A ruling by a Manhattan judge Monday may be causing Mayor Michael Bloomberg some headaches, as he now faces the possibility of winding up on the witness stand along with top aides to reveal how City Hall plays politics. NY1’s Josh Robin filed the following report.
John Haggerty walked out of court Monday. The political operator may not be a familiar face, but his criminal trial may bring one to the witnesses stand.
His alleged victim is Mayor Michael Bloomberg.
Prosecutors say Bloomberg hired Haggerty for ballot security in his last election in 2009, paying him about $1.2 million. Instead, Haggerty allegedly pocketed much of the money for personal items, like a home.
If the defense has its way, Bloomberg may end up with an image problem.
A state Supreme Court judge said Monday that he won't yet place limits on testimony, which has set up the possibility of an extraordinary scene: the billionaire mayor and his aides pressed under oath to divulge what it took to win a third term.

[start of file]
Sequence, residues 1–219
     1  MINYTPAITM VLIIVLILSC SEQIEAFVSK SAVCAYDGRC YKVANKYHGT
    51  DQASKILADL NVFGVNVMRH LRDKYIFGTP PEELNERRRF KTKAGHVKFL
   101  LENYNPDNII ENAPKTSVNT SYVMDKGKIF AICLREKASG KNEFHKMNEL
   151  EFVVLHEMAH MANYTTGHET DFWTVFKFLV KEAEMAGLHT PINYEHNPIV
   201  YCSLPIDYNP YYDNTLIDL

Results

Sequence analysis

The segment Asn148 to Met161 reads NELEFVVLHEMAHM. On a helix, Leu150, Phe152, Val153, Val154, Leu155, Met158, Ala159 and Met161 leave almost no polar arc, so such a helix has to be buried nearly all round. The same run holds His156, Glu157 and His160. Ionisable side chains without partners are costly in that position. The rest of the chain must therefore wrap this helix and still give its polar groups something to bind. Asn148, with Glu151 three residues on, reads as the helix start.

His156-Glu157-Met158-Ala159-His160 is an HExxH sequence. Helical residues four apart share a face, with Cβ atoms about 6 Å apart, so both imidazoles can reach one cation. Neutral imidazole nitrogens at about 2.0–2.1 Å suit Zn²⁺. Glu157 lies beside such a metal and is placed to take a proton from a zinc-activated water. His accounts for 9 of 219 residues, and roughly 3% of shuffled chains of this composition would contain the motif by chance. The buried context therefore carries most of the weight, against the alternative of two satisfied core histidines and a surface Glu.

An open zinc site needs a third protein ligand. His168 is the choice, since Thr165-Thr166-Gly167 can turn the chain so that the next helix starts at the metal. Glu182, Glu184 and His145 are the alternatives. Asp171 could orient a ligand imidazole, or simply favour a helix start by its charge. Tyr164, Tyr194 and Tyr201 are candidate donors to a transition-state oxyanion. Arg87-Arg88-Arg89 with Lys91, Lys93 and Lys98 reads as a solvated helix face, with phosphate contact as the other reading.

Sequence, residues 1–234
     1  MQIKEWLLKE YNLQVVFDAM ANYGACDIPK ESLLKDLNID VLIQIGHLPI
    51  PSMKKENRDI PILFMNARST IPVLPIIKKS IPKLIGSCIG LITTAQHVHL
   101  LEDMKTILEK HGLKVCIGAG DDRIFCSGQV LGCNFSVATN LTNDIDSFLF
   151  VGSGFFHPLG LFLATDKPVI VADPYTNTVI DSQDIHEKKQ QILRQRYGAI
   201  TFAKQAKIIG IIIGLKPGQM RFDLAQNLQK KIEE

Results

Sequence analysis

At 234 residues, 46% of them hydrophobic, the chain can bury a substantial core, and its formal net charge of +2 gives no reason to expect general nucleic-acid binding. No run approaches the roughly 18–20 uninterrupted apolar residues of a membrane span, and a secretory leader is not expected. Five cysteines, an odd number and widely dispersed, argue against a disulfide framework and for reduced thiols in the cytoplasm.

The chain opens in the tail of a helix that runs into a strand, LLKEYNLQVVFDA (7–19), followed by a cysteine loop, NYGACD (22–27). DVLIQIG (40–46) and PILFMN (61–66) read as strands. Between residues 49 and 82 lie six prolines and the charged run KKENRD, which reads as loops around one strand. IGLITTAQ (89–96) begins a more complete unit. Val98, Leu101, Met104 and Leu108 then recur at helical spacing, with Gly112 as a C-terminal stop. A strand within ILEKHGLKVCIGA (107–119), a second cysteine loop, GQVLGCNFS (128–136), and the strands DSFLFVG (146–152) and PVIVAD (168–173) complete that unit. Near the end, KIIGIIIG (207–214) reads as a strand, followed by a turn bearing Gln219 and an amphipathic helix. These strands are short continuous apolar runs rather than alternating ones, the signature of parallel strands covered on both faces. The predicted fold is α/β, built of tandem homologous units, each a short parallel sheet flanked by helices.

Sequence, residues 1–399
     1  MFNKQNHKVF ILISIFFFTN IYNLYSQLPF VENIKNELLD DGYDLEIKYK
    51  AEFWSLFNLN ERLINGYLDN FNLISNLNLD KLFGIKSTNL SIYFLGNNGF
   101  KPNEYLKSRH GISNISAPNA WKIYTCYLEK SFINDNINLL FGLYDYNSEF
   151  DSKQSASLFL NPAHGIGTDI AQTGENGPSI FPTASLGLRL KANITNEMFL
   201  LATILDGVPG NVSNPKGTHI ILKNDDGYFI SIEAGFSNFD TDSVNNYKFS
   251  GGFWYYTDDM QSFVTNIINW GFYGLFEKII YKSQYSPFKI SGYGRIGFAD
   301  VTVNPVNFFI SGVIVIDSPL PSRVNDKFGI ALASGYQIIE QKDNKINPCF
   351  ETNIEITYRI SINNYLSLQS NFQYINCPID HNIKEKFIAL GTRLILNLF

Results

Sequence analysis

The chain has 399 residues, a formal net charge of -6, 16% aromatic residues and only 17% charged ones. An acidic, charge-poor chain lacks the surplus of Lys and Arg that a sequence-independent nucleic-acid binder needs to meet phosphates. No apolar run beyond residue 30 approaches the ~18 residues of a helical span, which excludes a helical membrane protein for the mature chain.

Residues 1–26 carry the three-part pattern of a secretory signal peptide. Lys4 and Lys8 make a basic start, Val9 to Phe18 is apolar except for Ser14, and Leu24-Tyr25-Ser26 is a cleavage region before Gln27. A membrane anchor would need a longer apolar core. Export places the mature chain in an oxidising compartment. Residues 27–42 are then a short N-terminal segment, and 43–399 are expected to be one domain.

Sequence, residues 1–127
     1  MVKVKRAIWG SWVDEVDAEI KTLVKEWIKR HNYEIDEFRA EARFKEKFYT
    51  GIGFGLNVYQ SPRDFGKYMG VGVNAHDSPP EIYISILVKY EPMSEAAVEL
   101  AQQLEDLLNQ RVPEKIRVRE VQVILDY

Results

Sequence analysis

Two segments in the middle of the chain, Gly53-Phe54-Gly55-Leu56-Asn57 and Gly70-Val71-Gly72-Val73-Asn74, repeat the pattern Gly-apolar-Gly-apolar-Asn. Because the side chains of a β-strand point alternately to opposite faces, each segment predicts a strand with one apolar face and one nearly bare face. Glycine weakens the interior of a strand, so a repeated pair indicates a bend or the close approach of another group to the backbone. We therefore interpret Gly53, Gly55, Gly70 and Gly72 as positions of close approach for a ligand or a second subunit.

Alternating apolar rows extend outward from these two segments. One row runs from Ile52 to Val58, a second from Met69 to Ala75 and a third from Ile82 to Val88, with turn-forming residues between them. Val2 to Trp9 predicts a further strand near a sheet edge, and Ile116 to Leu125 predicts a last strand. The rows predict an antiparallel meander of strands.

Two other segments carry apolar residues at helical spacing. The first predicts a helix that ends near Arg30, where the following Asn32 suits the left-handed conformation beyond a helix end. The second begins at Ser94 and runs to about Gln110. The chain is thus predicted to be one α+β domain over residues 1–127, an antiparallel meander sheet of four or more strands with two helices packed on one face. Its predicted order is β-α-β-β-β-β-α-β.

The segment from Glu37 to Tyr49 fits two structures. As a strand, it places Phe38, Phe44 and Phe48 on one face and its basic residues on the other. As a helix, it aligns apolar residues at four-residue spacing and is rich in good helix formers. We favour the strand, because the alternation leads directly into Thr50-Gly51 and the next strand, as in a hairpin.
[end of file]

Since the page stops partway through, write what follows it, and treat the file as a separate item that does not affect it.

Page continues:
"We're talking about one of the most powerful men in the country, if not the world. To ask the mayor about his campaign, it's an opportunity to try to find out about the way the mayor conducted his business, in this case the campaign," said Jerry Goldfeder, an election lawyer.
Bloomberg paid Haggerty through an account controlled by the state Independence Party, an arrangement that election lawyer Henry Berger said may be against the law.
"He gave the money to the housekeeping account, which is not a political contribution, but money in the housekeeping account cannot be used for campaign purposes,” said Berger.
City Hall officials counter that the practice is widespread and above board.
Aides add that since the Bloomberg campaign did nothing wrong, it has nothing to hide if top surrogates are called to the stand.
Meanwhile to keep control of the trial, Manhattan District Attorney Cyrus Vance wants the focus on Haggerty. After he dropped a rape case against Dominique Strauss-Kahn, Vance also wants a win in this other high-profile prosecution.
The trial is scheduled to begin in earnest next Monday with jury selection.